D.C. Council Chairman Phil Mendelson on Monday said he sent a letter to the Senate to withdraw changes to the city’s crime law ahead of a vote on a Republican-backed bill designed to undo them.
Mendelson’s withdrawal comes after President Joe Biden told Senate Democrats at a closed-door lunch meeting last week that he won’t veto the measure and will allow Congress to overrule the D.C. Council, angering advocates for the city’s autonomy.
During a press conference Monday, Mendelson said he noted within the “very brief” letter that his withdrawal means that the crime bill is “no longer properly before the Congress,” saying that the Home Rule Act, which governs D.C., requires that local legislation be “transmitted to both houses.”
“I will say, I don’t know that that will stop the Senate Republicans, but our position is that the bill is not before Congress any longer,” he added.
The Senate vote to overturn the bill will still go ahead, according to three Senate leadership aides.
“Not only does the statute not allow” the council to withdraw a bill it has already transmitted to Congress,” one of the aides said, “but at this point, the Senate Republican privileged motion will be acting on the House disapproval resolution, rather than the DC Council’s transmission to the Senate. We still expect the vote to occur.”
In a statement to NBC News, a White House official said that the president “expressed concerns with a number of provisions in the D.C. crime bill,” but declined to comment on the D.C. Council’s “ongoing process.”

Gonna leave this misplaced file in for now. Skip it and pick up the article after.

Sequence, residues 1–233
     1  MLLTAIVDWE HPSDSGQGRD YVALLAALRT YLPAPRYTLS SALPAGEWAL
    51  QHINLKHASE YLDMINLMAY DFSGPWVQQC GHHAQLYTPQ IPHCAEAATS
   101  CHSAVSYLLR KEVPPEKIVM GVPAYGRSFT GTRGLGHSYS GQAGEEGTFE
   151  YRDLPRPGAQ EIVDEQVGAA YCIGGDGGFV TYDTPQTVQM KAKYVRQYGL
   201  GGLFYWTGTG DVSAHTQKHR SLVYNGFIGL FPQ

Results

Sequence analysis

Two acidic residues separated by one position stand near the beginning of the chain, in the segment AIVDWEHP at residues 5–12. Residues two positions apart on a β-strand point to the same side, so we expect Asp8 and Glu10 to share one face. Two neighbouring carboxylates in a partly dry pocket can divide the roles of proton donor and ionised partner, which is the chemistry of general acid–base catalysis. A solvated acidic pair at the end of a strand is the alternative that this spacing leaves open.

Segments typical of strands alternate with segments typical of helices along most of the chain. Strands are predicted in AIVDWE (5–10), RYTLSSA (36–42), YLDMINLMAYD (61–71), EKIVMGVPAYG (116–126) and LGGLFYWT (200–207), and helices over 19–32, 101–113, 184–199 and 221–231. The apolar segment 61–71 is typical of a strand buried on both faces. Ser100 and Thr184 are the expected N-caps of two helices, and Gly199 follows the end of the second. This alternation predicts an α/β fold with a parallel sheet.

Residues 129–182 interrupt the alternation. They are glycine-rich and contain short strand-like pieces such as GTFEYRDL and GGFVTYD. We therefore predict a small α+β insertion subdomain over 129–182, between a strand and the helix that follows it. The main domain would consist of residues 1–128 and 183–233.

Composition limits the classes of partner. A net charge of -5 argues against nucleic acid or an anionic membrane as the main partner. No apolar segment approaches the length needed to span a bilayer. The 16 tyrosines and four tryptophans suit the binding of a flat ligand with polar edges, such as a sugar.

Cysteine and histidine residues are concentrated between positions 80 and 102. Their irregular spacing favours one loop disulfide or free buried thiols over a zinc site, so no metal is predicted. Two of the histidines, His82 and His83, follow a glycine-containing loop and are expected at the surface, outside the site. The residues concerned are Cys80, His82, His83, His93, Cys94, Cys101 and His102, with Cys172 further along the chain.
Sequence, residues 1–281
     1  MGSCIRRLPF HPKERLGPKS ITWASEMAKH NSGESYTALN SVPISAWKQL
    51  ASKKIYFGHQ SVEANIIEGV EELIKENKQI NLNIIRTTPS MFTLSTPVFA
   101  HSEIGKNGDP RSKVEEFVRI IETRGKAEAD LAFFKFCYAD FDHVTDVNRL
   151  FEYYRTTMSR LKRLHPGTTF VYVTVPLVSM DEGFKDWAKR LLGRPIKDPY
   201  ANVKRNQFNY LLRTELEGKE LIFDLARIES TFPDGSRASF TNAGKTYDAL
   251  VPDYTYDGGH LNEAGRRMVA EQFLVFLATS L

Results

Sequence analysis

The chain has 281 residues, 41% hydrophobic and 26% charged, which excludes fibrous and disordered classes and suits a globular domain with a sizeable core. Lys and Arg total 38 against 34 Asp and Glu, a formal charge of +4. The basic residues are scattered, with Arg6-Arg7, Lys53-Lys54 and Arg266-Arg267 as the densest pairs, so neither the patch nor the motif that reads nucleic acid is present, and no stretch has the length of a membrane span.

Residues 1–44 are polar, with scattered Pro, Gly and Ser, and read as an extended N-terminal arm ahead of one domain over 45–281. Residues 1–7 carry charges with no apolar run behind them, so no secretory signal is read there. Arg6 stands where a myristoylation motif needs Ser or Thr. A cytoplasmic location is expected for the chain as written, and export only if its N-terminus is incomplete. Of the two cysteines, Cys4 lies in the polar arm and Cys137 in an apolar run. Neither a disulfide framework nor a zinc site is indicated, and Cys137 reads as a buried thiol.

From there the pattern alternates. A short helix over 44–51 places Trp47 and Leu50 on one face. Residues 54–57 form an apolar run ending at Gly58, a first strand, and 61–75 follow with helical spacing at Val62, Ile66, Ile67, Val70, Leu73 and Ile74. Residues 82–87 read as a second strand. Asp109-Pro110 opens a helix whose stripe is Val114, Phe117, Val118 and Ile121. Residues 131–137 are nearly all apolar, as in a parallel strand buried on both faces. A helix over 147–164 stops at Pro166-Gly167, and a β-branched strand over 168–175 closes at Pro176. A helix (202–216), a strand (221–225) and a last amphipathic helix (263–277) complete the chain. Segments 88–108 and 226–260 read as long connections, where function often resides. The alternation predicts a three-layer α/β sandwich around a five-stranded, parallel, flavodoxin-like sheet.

The House voted last month to pass the resolution that would block those revisions to the city’s criminal code. The Senate is expected to vote to pass the measure this week.
The D.C. Council unanimously passed a sweeping overhaul of the city’s criminal code late last year, NBC Washington reported. The bill would have broadly changed how Washington approaches crime, including eliminating most mandatory minimum sentences and reducing mandatory maximum penalties.
Although Biden has said he opposes the House resolution to overrule the D.C. Council, he took issue with some of the changes it made to the city’s criminal code.
“I support D.C. Statehood and home-rule — but I don’t support some of the changes D.C. Council put forward over the Mayor’s objections — such as lowering penalties for carjackings,” Biden tweeted last week. “If the Senate votes to overturn what D.C. Council did — I’ll sign it.”
D.C. Mayor Muriel Bowser also opposed the changes passed by the D.C. Council and vetoed them. But her veto was overridden, sending the bill to Congress.
Still, she has demanded that Congress not meddle in the district’s sovereignty.
Mendelson suggested Monday that the Council could make changes to the bill and send it back to Congress later, while maintaining that, in his view, the bill is no longer before the Senate.
“I am quite clear in my letter that pulling it back means that the clock stops and it would have to be re-transmitted to both houses and that this will enable the council to work on the measure in light of Congressional comments and to re-transmit it later,” he said.
Liz Brown-Kaiser, Frank Thorp V and Kelly O’Donnell contributed.